How to Buy Insurance for your Nonprofit – Step 2:Your People

During October, I’m laying out an 11 step  insurance buying process for nonprofit leaders. If you’ve not, please check out Step 1. Today is Step 2: Your People

Buying Process Step 2

Buying Process Step 2

After identifying the activities and programs common to your organization’s operations, identify the people who are associated with your nonprofit.

Now that you’ve brainstormed the activities, you can put people in the seats, as it were.

The Question:

What ‘categories’ of individuals (either individuals or organizations) show up at your meetings, events, fundraisers or are otherwise involved financially, physically, etc?

Identify the People

Some categories to get you thinking along these lines:

  • Volunteers
  • Employees
  • Independent Contractors
  • Clients
  • Consumers
  • Students
  • Customers
  • Funders
  • Partner organizations
  • Governmental entities
  • Donors
  • Board members

Who are the individuals and corporate or organizational partners that either help you do your work through labor or funding or who benefit from your work through your direct services or other indirect benefit?

In essence, the first thing to do in this step of the process is to list the people. If you want to take it a little further, put names and faces on your list as you ask the next question…

How do you want to cover them?

For example, one of the most common questions I get is this: “Are my volunteers covered?” 

The answer is normally “yes”, but I still need to understand what my client means.

The two different things that my clients mean when they ask “is _________ covered”:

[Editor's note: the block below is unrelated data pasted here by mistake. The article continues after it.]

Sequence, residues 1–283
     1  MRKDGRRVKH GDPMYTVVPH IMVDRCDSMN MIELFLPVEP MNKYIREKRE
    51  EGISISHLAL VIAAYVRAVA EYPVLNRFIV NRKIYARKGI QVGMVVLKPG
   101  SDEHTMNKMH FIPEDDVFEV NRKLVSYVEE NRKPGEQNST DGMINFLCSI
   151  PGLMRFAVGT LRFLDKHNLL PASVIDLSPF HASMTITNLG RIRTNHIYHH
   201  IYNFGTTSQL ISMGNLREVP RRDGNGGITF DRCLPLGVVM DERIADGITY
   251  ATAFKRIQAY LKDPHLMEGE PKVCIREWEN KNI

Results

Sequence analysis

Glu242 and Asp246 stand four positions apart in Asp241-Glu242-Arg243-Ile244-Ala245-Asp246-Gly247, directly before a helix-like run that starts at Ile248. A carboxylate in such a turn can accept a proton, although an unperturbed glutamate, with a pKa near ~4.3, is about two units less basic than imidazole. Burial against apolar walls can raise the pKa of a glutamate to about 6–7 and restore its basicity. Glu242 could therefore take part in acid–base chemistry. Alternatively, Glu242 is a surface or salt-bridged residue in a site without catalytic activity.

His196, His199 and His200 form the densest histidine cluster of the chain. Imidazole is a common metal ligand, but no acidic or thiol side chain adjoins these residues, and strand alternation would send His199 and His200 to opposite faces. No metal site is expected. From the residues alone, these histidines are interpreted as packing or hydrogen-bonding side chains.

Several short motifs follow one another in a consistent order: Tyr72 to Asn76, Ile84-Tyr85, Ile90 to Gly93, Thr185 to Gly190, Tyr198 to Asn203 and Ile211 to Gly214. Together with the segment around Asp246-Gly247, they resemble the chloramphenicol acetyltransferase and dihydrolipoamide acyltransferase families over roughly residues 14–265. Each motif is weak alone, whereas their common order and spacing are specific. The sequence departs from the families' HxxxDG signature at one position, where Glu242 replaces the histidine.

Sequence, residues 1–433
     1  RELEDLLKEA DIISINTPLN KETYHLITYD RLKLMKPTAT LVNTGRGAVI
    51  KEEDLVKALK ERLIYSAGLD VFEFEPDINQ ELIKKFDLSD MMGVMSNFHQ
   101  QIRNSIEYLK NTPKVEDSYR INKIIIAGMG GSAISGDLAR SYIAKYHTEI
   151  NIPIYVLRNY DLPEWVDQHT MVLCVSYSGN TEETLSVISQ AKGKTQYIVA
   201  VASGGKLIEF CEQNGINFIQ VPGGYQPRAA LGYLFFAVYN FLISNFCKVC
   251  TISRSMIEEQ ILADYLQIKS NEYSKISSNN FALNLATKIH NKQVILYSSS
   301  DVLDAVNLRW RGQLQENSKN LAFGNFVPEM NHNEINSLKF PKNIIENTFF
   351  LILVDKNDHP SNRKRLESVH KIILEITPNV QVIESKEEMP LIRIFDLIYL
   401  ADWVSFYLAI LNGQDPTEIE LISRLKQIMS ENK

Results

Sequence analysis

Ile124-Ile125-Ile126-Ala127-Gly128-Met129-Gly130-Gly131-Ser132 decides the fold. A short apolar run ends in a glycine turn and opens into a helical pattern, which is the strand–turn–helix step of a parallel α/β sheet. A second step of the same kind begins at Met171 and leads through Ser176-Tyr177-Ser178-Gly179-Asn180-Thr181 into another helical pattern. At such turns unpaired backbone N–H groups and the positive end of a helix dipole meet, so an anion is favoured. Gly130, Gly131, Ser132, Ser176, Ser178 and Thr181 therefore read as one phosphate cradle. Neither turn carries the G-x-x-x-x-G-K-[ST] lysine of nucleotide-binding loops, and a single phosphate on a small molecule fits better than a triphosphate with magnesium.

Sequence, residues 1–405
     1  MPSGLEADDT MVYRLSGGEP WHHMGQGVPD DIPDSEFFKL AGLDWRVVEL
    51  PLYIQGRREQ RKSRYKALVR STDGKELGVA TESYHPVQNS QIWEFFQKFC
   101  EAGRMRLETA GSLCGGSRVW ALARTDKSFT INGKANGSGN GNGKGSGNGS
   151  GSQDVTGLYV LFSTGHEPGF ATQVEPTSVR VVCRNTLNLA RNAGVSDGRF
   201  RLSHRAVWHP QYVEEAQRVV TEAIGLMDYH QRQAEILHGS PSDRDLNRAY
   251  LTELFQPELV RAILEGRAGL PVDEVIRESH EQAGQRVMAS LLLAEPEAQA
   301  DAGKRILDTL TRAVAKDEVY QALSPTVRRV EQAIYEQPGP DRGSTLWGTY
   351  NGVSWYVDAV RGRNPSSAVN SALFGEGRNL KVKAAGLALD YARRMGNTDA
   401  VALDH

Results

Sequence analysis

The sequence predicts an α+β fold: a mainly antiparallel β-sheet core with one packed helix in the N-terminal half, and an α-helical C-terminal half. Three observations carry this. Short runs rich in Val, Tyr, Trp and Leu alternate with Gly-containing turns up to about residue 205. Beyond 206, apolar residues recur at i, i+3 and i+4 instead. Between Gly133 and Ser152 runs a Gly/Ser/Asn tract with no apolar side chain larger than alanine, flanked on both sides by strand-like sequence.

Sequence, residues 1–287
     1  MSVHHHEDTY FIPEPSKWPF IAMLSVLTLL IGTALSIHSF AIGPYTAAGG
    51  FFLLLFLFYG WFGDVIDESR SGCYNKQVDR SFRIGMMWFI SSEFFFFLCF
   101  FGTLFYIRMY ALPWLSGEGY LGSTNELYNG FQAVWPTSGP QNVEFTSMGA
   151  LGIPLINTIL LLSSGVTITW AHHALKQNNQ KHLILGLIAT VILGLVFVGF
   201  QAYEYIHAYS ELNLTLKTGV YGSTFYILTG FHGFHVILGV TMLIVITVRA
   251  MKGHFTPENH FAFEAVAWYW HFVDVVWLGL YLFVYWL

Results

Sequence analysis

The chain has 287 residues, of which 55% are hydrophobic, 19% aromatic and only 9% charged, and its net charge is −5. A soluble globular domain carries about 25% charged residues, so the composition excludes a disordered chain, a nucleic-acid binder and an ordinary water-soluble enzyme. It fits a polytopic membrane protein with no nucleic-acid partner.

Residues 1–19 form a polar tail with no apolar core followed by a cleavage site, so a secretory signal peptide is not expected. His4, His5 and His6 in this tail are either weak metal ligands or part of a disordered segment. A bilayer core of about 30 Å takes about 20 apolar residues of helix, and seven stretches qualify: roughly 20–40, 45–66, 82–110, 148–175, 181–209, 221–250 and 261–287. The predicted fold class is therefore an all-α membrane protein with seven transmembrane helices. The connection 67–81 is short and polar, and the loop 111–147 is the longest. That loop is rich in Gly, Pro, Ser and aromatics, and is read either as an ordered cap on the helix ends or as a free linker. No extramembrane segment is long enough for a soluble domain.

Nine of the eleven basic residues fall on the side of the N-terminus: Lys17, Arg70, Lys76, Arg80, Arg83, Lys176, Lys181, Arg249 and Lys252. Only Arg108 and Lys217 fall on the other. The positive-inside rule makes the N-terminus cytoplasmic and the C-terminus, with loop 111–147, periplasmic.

1. Coverage for injuries to that person or organization
  2. Coverage for injuries because of that person or organization.

Get clear on this: Are you worried about something happening to the person or because of that person (or both)?

As I mentioned above, put a face and a name next to your list and consider this question about protecting and defending.

As you can understand, different insurance policies will address different exposures.

For instance, your General Liability policy will cover your employees if your employee is negligent in his work for you. On the other hand, a Workers Compensation policy will cover your employee if he gets injured. But we’re getting ahead of ourselves. At this point, we’re simply identifying people and what are general concerns are.

You Care; Therefore, You Insure

Since you want to be conscientious and protect the employees, volunteers, board members, and funders that are vital to your operation, you take out the appropriate liability policies. You also take out the appropriate workers compensation and volunteer accident coverages.

Similarly, since you care about the population you serve, you have sufficient liability insurance to compensate individuals who might be injured because of negligence within your organization.

The ultimate goal is to protect the vision and mission of your organization so you can continue to do your important work.

No one intends to be negligent. Most of my nonprofit clients are super-sensitive to risk management and being responsible in their hiring and management controls. But if something accidentally happens, don’t you want policies in place to protect and defend the people who do your work, who you do your work for, and who help fund and manage your organization?

So… Step 2, in Summary

After defining and listing the activities (step 1), list the people (step 2). Our focus  as we go along is more about insurance and risk management to address what we know. 

In other words, while we’re aware of the exposures inherent to our businesses, we don’t focus on ‘the percentage chance’ that a particular loss will happen.

We focus on protecting the people, things, and operations we know are affiliated with our organizations every day. Once we establish the coverages, we start making decisions based on budgets, other risk management methods, and risk comfort levels.

So… go make your second list: the people.

Next up: Identifying the things associated with our operation.



  1. […] Step 1, we talked about defining the activities and programs common to your nonprofit. We then, in Step 2, discussed identifying the people important to your […]

  2. […] This section will lay out pretty clearly (once you get used to the contractual language) which categories of people have coverage under the […]

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